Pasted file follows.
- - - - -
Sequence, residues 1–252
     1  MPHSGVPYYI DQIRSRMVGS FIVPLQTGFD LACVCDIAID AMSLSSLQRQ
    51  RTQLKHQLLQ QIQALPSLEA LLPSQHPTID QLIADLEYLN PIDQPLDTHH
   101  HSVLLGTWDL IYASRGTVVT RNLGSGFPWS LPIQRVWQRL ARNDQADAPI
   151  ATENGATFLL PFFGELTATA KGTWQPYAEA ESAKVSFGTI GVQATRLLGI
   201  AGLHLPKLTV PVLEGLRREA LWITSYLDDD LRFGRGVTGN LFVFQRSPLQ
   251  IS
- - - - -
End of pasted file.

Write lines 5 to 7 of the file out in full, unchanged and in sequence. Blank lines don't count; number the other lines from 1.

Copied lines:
   151  ATENGATFLL PFFGELTATA KGTWQPYAEA ESAKVSFGTI GVQATRLLGI
   201  AGLHLPKLTV PVLEGLRREA LWITSYLDDD LRFGRGVTGN LFVFQRSPLQ
   251  IS